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New York Report Charlie Varon is now in New York, preparing to mount a new production of Rush Limbaugh in Night School. With him is Stephanie Weisman, the director of the Marsh, where Night School hit like crazy. She reports that the Second Stage has about 22 people working on the show, a setup that leaves her and Varon a bit bewildered — counting the box office, concessions and lights, there was a whopping staff of two on hand at the Marsh. Ah, the big time.

At the Wheel A followup to an item from last week's column: We didn't know if Laurie Carlos, who canceled her performance at the Lorraine Hansberry Theatre's Lift Every Voice series due to family illness, would still be directing Hansberry's for colored girls who have considered suicide when the rainbow is enuf this March. In fact, artistic director Stanley Williams will helm the seminal Ntozake Shange work in Carlos' stead.

Play It Again The P.G. Wodehouse adaptation of Ferenc Molnar's The Play's the Thing — the comedy that put Hungarian playwright Molnar on the map in America — opens this week at ACT. It's fitting that this play-within-a-play about theater people has spawned all kinds of references that cross and fold in on themselves: The production features ACT veteran Ken Ruta, whose long and illustrious career, it turns out, began when he played the very same role (that of playwright Sandor Turai) 40 (count 'em!) years ago (it was the part that earned him his Equity card). The work's title, incidentally, is a line from Hamlet, and its own play-within-a-play is the centerpiece of Rosencrantz and Guildenstern Are Dead, which just closed at ACT. Nice little Msbius strip.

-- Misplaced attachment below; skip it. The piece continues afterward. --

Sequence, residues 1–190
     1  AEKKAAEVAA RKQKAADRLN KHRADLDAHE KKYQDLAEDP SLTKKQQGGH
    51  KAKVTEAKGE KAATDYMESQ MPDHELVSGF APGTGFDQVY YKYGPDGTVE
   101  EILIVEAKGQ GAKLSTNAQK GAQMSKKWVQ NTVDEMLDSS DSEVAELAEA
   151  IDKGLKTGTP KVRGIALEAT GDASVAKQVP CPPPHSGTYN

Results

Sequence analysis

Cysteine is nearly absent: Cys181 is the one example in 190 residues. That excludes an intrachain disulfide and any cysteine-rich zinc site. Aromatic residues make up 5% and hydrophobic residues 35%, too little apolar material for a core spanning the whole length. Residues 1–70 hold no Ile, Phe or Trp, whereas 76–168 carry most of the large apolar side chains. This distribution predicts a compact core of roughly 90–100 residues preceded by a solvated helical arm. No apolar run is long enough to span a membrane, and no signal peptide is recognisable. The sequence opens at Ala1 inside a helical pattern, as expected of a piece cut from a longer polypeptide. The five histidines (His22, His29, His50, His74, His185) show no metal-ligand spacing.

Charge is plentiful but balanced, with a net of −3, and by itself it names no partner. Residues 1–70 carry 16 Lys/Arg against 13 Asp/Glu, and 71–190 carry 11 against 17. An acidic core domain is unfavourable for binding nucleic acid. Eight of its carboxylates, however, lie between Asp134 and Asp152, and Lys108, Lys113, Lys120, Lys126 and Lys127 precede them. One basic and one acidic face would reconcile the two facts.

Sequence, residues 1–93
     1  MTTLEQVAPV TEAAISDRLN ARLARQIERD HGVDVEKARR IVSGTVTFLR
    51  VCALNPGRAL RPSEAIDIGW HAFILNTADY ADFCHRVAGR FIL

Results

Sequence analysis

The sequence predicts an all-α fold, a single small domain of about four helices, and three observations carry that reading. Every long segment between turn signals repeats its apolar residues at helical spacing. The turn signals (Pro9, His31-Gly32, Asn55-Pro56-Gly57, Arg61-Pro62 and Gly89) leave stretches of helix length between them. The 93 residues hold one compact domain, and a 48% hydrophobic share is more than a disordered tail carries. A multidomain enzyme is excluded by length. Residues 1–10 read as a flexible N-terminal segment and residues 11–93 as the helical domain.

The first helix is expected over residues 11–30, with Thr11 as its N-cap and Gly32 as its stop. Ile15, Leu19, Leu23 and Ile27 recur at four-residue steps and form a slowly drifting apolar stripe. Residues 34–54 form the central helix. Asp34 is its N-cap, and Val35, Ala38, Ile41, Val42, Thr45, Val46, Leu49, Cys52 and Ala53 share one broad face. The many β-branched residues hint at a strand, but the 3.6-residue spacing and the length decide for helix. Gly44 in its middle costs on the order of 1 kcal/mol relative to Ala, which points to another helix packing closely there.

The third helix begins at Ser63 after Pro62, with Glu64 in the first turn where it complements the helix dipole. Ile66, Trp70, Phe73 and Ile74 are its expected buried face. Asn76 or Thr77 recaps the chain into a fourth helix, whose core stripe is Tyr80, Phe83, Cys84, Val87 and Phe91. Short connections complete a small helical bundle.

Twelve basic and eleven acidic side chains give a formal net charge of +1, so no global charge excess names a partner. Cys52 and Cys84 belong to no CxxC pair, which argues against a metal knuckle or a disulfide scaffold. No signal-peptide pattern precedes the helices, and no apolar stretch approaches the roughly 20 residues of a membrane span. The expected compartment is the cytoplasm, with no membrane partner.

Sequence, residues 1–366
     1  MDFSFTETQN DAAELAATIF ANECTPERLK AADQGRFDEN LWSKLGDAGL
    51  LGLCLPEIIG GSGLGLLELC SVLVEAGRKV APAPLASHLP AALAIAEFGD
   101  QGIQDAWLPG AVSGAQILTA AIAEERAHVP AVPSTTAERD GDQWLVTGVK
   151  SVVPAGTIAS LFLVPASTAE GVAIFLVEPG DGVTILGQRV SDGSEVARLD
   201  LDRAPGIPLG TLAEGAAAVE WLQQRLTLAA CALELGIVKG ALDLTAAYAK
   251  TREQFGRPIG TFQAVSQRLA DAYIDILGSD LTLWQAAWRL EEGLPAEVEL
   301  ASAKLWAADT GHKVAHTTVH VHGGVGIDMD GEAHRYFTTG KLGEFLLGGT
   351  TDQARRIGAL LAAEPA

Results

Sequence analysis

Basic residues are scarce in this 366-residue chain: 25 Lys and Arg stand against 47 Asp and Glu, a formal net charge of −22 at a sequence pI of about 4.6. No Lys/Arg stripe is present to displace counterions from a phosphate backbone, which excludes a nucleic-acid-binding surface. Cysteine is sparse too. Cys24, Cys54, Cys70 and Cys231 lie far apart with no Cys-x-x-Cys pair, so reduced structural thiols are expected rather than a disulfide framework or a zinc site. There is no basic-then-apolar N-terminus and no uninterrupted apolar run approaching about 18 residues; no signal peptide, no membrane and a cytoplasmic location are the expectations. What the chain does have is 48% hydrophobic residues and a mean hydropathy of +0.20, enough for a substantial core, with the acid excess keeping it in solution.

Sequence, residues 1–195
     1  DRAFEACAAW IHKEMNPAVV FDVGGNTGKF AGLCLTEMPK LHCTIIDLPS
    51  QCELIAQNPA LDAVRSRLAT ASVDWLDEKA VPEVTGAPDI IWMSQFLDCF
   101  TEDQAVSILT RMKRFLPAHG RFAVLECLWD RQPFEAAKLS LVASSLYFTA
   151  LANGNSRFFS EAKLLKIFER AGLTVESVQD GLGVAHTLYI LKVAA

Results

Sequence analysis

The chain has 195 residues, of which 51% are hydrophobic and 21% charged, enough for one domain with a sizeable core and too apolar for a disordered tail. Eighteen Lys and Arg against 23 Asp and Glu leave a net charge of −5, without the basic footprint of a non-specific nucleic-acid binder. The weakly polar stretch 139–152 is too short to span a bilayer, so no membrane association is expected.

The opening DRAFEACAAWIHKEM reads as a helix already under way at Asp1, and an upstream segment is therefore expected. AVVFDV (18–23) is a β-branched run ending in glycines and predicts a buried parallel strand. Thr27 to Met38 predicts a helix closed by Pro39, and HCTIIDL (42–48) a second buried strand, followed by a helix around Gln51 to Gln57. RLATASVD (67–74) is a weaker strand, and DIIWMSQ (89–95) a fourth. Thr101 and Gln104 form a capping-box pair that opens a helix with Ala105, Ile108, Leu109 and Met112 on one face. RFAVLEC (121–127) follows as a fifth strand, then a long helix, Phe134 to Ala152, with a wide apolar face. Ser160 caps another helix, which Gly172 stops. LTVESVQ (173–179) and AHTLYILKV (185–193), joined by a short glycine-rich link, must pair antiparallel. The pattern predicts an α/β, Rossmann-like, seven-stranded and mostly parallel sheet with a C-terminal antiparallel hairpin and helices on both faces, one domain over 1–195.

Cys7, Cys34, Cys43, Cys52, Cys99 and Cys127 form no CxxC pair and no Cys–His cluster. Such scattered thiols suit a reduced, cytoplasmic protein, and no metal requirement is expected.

Tall Tales Also at ACT this month is the ARS Brevis (Actors Read Short Stories) series, which starts up Mon, Feb. 27, 6:30 pm, at the Stage Door Theatre. It's an annual collaboration with Zyzzyva, the West Coast literary and arts quarterly. Here's the lineup: William Paterson, recently seen in ACT's Home, reads “This Won't Hurt a Bit” by Randall Lyman, a San Francisco journalist now based in Prague; Steven Culp, currently playing Joe Pitt in ACT's Angels in America, will do “Trout Fishing in L.A.” by Hart Schulz, a teacher at Cal State, Northridge, whose short-story collection, Wesley, was published recently by Anacapa Press; Cristine McMurdo-Wallis, who plays Hannah Pitt, Ethel Rosenberg and several other characters in Angels, reads “Lenny Loves Jane” by Leo Litwak, who taught English and creative writing for many years at San Francisco State; Dennis Matthews interprets “The Moon and Venus,” the first published story by the Silicon Valley-based writer Mark Smallwood; and Nina Gold, who recently played Electra in Charles L. Mee's Orestes, will read Mary Michael Wagner's “Acts of Kindness.”

Encores Gary Leon Hill's Say Grace has been extended through March 12 at the Magic Theatre, thanks to good reviews and full houses. It's the story of a man who goes to visit his grandmother and discovers the dirt about his family history. Also extended due to popular demand is A Traveling Jewish Theater's The Last Yiddish Poet, which now plays through March 5.

Laura Jamison

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SF Weekly Staff

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Tags: Laurie Carlos Lorraine Hansberry Night School Report Charlie Varon

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